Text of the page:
In its summary, and with unanimous support from relevant experts, AAT found that there were numerous recorded instances of wind turbine noise exceeding 40 dB(A) — a recognized threshold for annoyance/sleep disturbance. “Even if it is not audible, low-frequency noise and infrasound may have other effects on the human body, which are not mediated by hearing but also not fully understood,” the summary reads.
“That is something which we expect will be the subject of further study,” the AAT said. “For our purposes, it is sufficient that annoyance is produced, and it appears that it may be associated with adverse health outcomes. “An identification of the causes of that annoyance may allow it to be reduced or mitigated and adverse health outcomes to be reduced or avoided.”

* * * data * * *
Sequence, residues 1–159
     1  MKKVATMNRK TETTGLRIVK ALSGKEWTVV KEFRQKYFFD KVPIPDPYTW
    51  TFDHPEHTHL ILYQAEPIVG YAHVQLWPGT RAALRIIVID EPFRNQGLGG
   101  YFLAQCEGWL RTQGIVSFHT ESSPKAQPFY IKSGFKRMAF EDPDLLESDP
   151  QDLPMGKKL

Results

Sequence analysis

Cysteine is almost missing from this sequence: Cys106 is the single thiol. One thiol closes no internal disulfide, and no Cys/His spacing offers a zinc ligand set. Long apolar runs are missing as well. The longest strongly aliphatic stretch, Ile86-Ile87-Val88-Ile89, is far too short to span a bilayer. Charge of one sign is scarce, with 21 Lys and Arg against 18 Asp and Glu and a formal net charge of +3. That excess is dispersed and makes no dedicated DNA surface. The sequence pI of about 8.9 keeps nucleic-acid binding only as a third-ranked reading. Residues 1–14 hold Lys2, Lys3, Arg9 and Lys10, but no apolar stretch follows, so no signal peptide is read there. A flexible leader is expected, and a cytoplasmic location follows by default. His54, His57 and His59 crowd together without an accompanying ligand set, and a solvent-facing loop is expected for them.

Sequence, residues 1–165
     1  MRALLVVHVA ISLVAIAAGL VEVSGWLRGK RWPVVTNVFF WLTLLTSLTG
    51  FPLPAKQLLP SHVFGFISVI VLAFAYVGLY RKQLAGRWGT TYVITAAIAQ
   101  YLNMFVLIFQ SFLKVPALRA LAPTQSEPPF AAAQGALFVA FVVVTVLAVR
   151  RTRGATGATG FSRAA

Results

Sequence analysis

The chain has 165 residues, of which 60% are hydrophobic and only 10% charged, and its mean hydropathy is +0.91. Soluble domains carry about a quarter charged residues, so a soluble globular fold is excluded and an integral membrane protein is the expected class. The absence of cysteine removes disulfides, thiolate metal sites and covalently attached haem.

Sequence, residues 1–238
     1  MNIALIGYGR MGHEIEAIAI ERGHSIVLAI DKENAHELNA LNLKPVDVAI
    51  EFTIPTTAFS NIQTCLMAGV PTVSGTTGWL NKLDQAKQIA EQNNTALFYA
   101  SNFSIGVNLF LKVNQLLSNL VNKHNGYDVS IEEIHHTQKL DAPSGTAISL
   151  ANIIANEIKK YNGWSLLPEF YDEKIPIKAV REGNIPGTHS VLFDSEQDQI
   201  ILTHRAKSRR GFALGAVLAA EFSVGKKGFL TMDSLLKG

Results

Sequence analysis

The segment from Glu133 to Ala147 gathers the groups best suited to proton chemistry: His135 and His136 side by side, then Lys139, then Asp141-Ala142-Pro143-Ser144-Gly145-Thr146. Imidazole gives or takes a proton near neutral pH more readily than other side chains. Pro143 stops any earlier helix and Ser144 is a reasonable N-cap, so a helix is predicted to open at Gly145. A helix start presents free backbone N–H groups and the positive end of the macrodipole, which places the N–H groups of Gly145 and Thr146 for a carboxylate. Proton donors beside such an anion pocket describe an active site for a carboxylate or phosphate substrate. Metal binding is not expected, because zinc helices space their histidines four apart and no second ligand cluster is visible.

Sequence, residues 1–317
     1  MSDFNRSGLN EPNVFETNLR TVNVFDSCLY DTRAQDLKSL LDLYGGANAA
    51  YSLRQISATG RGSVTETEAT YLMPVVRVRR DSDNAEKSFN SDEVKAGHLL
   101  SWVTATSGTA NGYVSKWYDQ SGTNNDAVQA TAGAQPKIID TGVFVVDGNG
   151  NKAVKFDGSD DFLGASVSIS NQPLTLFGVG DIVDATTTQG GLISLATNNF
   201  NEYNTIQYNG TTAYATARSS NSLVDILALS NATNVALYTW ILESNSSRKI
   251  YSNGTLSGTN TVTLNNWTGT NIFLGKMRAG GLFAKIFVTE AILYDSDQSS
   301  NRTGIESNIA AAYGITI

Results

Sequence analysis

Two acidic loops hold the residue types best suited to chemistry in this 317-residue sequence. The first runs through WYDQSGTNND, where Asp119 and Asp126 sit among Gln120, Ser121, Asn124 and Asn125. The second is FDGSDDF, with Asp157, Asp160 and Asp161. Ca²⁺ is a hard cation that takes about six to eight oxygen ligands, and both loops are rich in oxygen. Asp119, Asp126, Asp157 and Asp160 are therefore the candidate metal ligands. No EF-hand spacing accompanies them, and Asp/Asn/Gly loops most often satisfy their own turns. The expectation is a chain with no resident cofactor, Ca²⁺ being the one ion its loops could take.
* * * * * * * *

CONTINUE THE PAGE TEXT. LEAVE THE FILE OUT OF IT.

Hawkesdale farmer Paul Lewis says noise from Macarthur wind farm, five kilometres from his home, wakes him up at night. ...“No one can do anything to really address the problems with existing wind farms. Moyne (shire council) have wiped their hands of it and don’t take responsibility, and the State Government isn’t doing anything,” Mr Lewis said.
Now with a slew of new wind farms planned around his town of Hawkesdale, 300km west of Melbourne, and impending changes to Victorian state planning policy, Mr Lewis is seriously pondering his future. “Everyone thinks these things are great, but they’re not the ones living beside them and getting woken up at night,” he said.
Huffman told commissioners the problems were worst when wind speeds were low, particularly between 6 metres per second and 10m per second. She backed the city council's position, that there should be an 8m per second threshold before the turbines kick in at night. She also said subjective assessment was a legitimate way to monitor noise.